Attached Image
Attached Document
Attached File

Example senders:


There is no body text. Attached is a ZIP file with the recipients email address forming part of the name plus a couple of random numbers. These ZIP files contain a variety of malicious scripts, the ones that I have seen download a binary from:


The VirusTotal detection rate for the dropped binary is 3/55. That VirusTotal report and this Hybrid Analysis show subsequent traffic to:


The payload is Locky ransomware. This is hosted on what appears to be a bad server at: (Kyivstar GSM, Ukraine)

Kyivstar is a GSM network, something hosted on this IP is usually a sure sign of a botnet. A lookup of the giotuipo.at domain shows that it is multihomed on many IPs: (ER-Telecom Holding, Russia) (Sibirtelecom, Russia) (RCS & RDS Business, Romania) (Lanet Network Ltd, Ukraine) (Airbites, Ukraine) (Kyivstar, Ukraine) (Lanet Network Ltd, Ukraine) (Apex, Ukraine) (Triolan, Ukraine) (Triolan, Ukraine)

These IPs are likely to be highly dynamic, so blocking them may or may not work. If you want to try, here is a recommended blocklist:

Thursday 28 April 2016

Malware spam: "Royal Bancshares of Pennsylvania, Inc." / "Latest invoice [Urgent]"

This fake financial spam leads to malware:

From:    Kieth Valentine [Kieth.Valentine87@assistedlivingflorida.com]
Date:    28 April 2016 at 16:32
Subject:    Latest invoice [Urgent]


We are writing to you about fact, despite previous reminders, there remains an outstanding amount of USD 5883,16 in respect of the invoice(s) contained in current letter. This was due for payment on 17 April, 2016.

Our credit terms stipulate full payment within 3 days and this amount is now more than 14 days overdue.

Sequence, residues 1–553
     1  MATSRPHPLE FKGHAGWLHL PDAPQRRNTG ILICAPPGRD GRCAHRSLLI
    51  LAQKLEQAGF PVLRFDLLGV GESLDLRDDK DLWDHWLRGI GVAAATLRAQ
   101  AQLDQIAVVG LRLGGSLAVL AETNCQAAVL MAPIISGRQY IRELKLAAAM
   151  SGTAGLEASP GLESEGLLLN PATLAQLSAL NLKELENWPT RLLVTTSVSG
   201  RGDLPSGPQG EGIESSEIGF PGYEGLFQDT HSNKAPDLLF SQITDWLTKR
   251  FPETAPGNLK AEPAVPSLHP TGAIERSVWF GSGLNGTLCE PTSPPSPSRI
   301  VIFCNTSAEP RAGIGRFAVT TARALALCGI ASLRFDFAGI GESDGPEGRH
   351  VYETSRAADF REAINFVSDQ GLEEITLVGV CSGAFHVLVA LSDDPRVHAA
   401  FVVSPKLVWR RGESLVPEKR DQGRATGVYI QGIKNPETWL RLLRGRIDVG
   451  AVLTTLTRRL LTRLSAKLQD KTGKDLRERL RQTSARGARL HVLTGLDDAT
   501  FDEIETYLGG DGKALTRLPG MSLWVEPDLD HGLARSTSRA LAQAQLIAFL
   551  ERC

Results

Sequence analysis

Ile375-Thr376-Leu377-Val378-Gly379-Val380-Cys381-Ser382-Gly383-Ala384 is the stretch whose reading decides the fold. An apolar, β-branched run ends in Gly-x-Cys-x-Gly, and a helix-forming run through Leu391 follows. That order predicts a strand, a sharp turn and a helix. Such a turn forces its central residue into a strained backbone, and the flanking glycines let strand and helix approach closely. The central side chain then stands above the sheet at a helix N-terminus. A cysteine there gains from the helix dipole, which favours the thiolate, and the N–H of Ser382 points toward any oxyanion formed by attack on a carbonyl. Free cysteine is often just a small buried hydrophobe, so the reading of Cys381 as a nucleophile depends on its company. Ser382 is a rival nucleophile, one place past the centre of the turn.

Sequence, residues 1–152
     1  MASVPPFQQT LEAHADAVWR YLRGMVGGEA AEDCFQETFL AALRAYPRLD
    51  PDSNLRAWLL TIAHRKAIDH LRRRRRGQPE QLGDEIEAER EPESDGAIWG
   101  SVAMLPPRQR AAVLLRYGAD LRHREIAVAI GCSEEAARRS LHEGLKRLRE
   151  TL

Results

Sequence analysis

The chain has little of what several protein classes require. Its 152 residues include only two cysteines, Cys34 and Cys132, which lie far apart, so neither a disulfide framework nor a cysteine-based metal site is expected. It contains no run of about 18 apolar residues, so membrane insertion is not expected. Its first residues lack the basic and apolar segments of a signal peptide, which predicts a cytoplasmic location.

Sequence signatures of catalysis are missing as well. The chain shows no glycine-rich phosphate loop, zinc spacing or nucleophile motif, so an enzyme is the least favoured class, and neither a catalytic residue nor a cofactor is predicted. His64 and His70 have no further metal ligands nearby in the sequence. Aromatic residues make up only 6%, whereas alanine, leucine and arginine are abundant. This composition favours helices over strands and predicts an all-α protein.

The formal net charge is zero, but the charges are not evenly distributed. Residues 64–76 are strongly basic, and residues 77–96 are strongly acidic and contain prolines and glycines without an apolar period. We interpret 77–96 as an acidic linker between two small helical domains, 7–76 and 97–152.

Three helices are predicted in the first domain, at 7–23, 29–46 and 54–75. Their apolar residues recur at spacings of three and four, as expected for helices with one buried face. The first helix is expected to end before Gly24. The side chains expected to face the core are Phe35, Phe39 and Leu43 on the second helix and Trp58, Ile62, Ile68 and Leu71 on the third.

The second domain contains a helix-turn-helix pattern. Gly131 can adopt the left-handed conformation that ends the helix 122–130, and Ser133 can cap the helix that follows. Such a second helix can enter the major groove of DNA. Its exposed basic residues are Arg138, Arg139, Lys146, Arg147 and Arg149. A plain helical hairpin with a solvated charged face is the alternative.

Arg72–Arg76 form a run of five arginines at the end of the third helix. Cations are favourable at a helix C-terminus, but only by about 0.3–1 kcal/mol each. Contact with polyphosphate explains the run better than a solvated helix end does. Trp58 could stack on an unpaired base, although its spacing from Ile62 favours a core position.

The total amount due from you is therefore USD 5883,16

If the full amount of the sum outstanding, as set above, is not paid within 7 days of the date of this email, we will begin legal action, without warning, for a court order requiring payment. We may also commence insolvency proceedings. Legal proceedings can take affect on any credit rating. The costs of legal proceedings and any other amounts which the court orders must also be paid in addition to the debt.

This email is being sent to you according to the Practice Direction on Pre-Action Conduct (the PDPAC) contained in the Civil Procedure Rules, The court has the power to sanction your continuing failure to respond.

To view the the original invoice in the attachment please use Adobe Reader.

We await your prompt reaction to this email.

Best wishes,

Kieth Valentine

Royal Bancshares of Pennsylvania, Inc.
1(265)530-0620 Ext: 300
1(265) 556-3611
The only sample I have seen of this is malformed and the attachment cannot be downloaded. However, what it should be in this case is a file Latest invoice18.zip containing a malicious script 2016INV-APR232621.pdf.js. Analysis of this obfuscated script is pending, it is likely to be either Locky ransomware or the Dridex banking trojan.

Malware spam: "FW: Invoice" from multiple senders

This fake financial spam comes from randomly-generated senders, for example: